Schools,  colleges and communities paid tribute to the fallen during remembrance events in the North East and North Yorkshire on Friday (November 10). 

Holding commemorative memorials, churches and school buildings became a symbol of remembering those who paid the ultimate sacrifice in World World One, World War Two and recent conflicts. 

The Northern Echo: A service of remembrance at Darlington's Queen Elizabeth CollegeA service of remembrance at Darlington's Queen Elizabeth College (Image: QUEEN ELIZABETH COLLEGE)

On Friday, Queen Elizabeth Sixth Form College in Darlington held a service of remembrance to commemorate the servicemen and women who have fallen in the line of duty since the first World War.

The service, organised by QE’s Combined Cadet Force, welcomed staff and students to pay their respects by observing a laying of the wreath and a two-minute silence. 

The Northern Echo: Cadets paying their tributes at Darlington's Queen Elizabeth CollegeCadets paying their tributes at Darlington's Queen Elizabeth College (Image: QUEEN ELIZABETH COLLEGE)

There was also an installation of poppies cascading from QE’s iconic clock tower, created by students at the College, made for a poignant backdrop for the service.

Cadet Emma Bell, who is in her second year at QE, said: “The opportunity to show respect to past and present servicemen and women, as part of the cadet community, is a very humbling experience and I am very proud to wear the uniform”.

The Northern Echo: John Gedye plants a cross for Martyn Lewis at Barnard Castle SchoolJohn Gedye plants a cross for Martyn Lewis at Barnard Castle School (Image: BARNARD CASTLE SCHOOL)

Capt. Emma Hurry, Contingent Commander, added: “I am very proud of the respect that both the cadets and wider College community have shown towards the act of remembrance. They have all worked hard to commemorate this day in number of ways, including creating a superb cascading poppy installation and collecting for the Royal British Legion’s Poppy Appeal this week.”

Meanwhile, nearby at Barnard Castle, the haunting melody of the Last Post echoed around a school grounds on Friday as hundreds of pupils and staff remembered those who fell in global conflict.

The Northern Echo: Barnard Castle School paying their respects on Friday (November 10)Barnard Castle School paying their respects on Friday (November 10) (Image: BARNARD CASTLE SCHOOL)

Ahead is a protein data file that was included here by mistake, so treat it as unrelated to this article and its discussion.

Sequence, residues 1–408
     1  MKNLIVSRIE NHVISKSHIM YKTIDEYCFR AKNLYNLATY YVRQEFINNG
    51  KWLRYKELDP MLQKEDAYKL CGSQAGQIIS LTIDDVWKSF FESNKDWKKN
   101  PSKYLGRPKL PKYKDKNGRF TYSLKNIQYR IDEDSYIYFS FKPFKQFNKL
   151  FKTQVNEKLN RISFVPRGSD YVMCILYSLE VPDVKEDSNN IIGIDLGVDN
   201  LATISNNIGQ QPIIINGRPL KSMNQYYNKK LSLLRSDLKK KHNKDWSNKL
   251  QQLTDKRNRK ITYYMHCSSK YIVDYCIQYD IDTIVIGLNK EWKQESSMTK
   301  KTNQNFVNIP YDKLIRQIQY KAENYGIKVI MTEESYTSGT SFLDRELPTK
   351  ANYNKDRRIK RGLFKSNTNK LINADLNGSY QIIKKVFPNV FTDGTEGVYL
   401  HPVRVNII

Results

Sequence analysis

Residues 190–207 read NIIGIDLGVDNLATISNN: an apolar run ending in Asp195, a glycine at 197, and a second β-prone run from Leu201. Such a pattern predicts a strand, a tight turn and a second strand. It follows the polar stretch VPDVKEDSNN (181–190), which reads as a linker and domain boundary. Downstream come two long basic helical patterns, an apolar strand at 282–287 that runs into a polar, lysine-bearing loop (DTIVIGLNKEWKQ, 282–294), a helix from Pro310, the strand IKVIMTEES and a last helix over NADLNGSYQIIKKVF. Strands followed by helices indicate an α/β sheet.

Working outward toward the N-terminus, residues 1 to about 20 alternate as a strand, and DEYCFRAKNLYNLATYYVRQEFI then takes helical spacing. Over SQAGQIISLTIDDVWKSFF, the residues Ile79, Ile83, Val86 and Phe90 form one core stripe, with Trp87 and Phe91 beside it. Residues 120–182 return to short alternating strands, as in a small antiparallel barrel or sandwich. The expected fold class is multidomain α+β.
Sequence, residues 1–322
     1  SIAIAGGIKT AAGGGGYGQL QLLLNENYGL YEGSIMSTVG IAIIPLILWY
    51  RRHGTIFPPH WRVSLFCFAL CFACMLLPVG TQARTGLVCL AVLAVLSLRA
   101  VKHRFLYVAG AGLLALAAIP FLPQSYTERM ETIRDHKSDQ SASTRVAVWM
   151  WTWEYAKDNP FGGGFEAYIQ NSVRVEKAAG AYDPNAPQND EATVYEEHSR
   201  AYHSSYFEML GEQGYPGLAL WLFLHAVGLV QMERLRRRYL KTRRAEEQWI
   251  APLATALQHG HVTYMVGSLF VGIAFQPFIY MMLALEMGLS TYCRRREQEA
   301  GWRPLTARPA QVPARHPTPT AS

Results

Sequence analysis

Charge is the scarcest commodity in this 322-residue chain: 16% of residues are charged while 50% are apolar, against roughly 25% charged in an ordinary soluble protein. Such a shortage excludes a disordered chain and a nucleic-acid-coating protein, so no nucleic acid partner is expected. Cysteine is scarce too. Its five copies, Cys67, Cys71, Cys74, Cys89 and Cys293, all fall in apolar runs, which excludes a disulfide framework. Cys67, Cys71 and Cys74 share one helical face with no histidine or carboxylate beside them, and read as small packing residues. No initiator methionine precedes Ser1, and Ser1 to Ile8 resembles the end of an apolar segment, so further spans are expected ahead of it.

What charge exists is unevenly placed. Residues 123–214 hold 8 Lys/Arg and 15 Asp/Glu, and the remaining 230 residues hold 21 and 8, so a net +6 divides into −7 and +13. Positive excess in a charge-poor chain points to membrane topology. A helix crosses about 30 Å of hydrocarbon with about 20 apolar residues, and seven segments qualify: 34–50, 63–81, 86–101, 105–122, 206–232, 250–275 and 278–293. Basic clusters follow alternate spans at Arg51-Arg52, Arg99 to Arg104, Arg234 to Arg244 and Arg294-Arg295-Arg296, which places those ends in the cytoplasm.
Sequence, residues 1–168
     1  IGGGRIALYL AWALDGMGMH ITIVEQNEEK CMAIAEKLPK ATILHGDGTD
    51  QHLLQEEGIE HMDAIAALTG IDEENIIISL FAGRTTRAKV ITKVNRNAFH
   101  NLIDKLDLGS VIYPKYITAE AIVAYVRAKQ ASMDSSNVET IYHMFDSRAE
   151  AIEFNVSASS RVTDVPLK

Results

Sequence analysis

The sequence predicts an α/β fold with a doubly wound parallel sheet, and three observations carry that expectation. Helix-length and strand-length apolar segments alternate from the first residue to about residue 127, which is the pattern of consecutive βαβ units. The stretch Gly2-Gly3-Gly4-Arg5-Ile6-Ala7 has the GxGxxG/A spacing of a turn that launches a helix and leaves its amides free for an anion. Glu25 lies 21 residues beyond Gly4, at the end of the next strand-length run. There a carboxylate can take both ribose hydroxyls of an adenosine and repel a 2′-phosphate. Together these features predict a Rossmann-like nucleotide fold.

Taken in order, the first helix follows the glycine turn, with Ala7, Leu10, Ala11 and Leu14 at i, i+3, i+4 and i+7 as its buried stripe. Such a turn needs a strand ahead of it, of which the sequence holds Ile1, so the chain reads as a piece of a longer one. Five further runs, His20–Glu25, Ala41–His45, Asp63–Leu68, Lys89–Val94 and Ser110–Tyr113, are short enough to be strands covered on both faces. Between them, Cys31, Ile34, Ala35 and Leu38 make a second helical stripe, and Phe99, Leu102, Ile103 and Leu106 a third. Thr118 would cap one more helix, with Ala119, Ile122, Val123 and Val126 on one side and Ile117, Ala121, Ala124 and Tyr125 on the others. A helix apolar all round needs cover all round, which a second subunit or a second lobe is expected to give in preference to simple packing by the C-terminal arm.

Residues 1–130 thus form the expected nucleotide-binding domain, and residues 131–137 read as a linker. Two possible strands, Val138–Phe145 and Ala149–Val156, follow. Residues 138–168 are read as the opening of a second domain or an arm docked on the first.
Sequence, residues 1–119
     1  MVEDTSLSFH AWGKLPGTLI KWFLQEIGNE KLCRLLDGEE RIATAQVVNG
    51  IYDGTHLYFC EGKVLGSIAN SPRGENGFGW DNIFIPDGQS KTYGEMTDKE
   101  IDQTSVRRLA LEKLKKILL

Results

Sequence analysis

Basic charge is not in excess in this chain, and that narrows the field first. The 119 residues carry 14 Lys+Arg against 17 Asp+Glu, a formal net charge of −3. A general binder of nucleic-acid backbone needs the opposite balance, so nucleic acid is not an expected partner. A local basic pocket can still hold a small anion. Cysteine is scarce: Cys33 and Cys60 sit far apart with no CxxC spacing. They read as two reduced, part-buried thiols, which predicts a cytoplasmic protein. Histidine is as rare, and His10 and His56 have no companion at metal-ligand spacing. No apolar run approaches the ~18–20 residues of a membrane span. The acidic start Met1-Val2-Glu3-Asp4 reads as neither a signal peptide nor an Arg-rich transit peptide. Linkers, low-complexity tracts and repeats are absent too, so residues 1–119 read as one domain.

Barnard Castle School bugler Heather Brown played the poignant call as the whole school community turned out for a Remembrance Day ceremony.

A single cross was planted first by senior teacher and head of classics John Gedye to mark the loss of a former colleague who died suddenly at home last week.

The Northern Echo: Cadets at the Barnard Castle School remembrance eventCadets at the Barnard Castle School remembrance event (Image: BARNARD CASTLE SCHOOL)

Martyn Lewis spent 23-years at Barnard Castle School as school staff instructor with the Combined Cadet Force, as well as a being respected tutor and sports coach.

He joined Barney in 1997, following a decorated military career where he achieved the rank of WO1, and remained a hugely popular figure at the school up to and beyond his retirement in 2020.

Led by a large contingent of the school’s Combined Cadet Force, 721 students, aged four to 18, gathered in front of a large poppy painted on the grass before they and staff each placed a small wooden cross of remembrance.

The Northern Echo: A poppy display at Barnard Castle School A poppy display at Barnard Castle School (Image: BARNARD CASTLE SCHOOL)

Headmaster Tony Jackson laid a wreath on behalf of the school’s Old Barnardians, Prep School headmistress Laura Turner laid another on behalf of the school, while housemistress Elizabeth Heward placed one on behalf of the Lord Lieutenant of County Durham.

Mr Jackson said: “This is the only day of the year when the entire school comes together as one – and there is no better sight – to remember our and the town’s fallen. We come to remember the fallen and there is no more powerful an illustration of the impact of war on our community.

“For every pupil standing here today, there was an Old Barnardian who fought in conflict. In the Great War of 1914-18, 150 lost their lives, another 58 died in the Second World War and one in the Falkland’s campaign.

The Northern Echo: King James I Academy in Bishop AucklandKing James I Academy in Bishop Auckland (Image: KING JAMES ACADEMY)

Further up the road, King James I Academy in Bishop Auckland held its annual Remembrance Service at the school’s Garden of Remembrance and memorial.